Alden Batchelder House

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Alden Batchelder House
ReadingMA AldenBatchelderHouse.jpg
Alden Batchelder House is located in Massachusetts
Alden Batchelder House
Alden Batchelder House is located in the US
Alden Batchelder House
Location 797 Main St., Reading, Massachusetts
Coordinates 42°31′42″N 71°6′11″W / 42.52833°N 71.10306°W / 42.52833; -71.10306Coordinates: 42°31′42″N 71°6′11″W / 42.52833°N 71.10306°W / 42.52833; -71.10306
Built 1849 (1849)
Architect Unknown
Architectural style Italianate
MPS Reading MRA
NRHP Reference #


Added to NRHP July 19, 1984

The Alden Batchelder House is a historic house at 797 Main Street in Reading, Massachusetts. Built in the early 1850s, it is an excellent example of an early Italianate design. It was listed on the National Register of Historic Places in 1984.[1]

Description and history[edit]

The Alden Batchelder House stands north of downtown Reading, on a triangular parcel of land at the junction of Main Street (Massachusetts Route 28) and Charles Street, across Main Street from the Laurel Hill Cemetery. It is a 2-1/2 story wood frame structure, with a side-gable roof and clapboarded exterior. It is oriented facing south, and is screened from the streets on either side by trees; a stone retaining wall lines the properties eastern and western sides. The roof has relatively deep eaves, studded with a few single decorative brackets. At the center of the main facade there is a gable at the roof line, which is echoed in the roof of the single-story porch, which wraps around the side of the house. The porch features turned balusters and posts. The first-floor windows are elongated, with deep moldings.[2]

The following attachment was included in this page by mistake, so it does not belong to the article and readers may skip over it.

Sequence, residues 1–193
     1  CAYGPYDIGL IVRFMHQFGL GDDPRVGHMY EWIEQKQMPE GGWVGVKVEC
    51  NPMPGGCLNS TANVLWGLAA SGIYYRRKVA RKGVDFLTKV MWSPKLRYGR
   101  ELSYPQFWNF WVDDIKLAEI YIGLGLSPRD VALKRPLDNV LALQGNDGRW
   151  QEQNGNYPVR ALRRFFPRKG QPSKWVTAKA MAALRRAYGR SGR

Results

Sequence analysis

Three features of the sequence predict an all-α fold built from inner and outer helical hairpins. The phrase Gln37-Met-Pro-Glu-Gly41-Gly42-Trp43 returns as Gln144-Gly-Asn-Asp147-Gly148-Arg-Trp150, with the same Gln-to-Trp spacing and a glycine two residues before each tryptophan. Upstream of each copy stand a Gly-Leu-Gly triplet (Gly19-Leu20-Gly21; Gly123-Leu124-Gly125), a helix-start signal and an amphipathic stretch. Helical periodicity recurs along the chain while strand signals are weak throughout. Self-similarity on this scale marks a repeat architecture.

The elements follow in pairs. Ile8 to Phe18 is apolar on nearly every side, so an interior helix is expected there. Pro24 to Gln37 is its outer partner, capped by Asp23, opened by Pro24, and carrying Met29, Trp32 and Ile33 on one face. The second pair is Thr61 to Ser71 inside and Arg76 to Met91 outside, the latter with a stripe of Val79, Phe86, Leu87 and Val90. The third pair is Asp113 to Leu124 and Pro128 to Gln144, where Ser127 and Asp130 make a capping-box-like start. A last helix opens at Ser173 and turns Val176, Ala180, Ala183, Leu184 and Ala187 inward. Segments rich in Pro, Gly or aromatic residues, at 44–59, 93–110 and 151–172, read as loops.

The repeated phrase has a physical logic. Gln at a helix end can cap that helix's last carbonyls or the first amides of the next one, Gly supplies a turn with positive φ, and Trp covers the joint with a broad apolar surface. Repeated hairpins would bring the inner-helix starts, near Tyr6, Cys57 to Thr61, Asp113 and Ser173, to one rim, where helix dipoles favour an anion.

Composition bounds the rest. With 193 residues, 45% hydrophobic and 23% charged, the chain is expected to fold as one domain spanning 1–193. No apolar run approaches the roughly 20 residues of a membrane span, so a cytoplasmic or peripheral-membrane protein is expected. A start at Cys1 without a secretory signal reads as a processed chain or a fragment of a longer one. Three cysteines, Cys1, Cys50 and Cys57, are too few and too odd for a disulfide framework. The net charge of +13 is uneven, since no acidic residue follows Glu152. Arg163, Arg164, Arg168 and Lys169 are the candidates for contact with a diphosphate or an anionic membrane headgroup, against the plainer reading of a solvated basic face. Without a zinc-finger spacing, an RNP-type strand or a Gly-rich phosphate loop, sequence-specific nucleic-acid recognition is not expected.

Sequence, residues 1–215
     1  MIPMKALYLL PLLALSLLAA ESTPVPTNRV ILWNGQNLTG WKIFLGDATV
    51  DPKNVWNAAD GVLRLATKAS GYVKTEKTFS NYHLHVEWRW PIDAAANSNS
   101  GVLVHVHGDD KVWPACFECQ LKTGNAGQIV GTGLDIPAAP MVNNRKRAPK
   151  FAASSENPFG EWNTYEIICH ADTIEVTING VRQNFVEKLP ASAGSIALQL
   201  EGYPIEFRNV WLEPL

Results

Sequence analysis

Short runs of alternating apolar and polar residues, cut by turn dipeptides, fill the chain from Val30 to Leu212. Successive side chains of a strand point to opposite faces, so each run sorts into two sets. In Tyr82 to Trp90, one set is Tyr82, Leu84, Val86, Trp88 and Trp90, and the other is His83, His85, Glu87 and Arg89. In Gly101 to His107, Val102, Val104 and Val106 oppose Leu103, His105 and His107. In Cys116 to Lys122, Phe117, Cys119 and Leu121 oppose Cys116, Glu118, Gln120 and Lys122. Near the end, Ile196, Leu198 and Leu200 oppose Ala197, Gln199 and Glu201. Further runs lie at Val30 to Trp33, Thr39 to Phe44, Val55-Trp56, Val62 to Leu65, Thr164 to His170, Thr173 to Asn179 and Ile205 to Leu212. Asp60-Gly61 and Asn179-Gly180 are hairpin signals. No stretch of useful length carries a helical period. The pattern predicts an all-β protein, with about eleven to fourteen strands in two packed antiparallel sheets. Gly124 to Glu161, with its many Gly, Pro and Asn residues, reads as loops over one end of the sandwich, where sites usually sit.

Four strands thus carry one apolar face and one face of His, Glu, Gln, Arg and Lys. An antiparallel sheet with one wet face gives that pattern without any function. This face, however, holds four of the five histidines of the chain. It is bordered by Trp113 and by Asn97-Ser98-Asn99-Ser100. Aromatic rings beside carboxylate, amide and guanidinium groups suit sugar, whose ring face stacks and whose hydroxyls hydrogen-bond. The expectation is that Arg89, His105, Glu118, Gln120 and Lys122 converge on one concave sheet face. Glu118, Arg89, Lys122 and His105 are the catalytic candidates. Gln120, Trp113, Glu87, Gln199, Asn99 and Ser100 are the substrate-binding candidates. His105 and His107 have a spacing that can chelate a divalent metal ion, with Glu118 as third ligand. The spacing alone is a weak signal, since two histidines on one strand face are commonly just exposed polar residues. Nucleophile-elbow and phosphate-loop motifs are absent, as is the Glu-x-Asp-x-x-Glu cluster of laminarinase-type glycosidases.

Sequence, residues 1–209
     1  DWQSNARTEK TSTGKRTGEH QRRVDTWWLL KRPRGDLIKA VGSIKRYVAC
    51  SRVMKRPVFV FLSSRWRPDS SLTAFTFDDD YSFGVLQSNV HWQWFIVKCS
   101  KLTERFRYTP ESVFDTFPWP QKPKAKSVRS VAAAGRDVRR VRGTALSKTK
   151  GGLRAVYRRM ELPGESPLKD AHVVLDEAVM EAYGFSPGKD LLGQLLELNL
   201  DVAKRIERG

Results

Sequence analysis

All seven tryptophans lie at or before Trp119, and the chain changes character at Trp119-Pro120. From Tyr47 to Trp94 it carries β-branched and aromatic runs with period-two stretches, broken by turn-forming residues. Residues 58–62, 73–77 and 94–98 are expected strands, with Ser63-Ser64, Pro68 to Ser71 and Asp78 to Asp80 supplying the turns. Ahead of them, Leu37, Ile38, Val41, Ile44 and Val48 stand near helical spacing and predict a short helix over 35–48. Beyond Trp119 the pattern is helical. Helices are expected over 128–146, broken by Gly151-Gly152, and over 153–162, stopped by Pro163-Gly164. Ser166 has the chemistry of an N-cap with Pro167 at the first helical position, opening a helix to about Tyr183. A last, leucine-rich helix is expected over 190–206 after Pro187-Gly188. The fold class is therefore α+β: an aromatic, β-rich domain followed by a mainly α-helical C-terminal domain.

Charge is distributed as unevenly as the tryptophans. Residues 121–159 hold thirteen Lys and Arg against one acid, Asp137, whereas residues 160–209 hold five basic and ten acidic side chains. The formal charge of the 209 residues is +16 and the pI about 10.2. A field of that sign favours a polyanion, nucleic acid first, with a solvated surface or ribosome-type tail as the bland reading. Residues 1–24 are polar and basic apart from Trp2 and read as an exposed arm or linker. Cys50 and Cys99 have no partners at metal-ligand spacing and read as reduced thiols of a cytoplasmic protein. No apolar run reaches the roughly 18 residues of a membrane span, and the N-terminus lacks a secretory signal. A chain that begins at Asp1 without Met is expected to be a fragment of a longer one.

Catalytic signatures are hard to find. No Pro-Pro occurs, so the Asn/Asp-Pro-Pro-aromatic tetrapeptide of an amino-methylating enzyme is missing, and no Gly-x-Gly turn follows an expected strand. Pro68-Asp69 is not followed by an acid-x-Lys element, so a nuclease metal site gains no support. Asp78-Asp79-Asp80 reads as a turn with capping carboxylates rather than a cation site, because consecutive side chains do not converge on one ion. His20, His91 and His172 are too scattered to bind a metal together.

The house was built in 1849 by Alden Batchelder, and represents an early form of the Italianate style. The house has a basically Georgian or Federal form, but its decorative elements are clearly Italianate. Alden Batchelder was a local cabinetmaker, a common trade in the town at the time. His business was successful, employing 25 workers in 1864. It was destroyed by fire in 1876, after which he moved the business to Charlestown, where he employed prisoners from the Charlestown State Prison.[2]

See also[edit]


  1. ^ a b National Park Service (2008-04-15). "National Register Information System". National Register of Historic Places. National Park Service. 
  2. ^ a b "NRHP nomination for Alden Batchelder House". Commonwealth of Massachusetts. Retrieved 2014-02-18.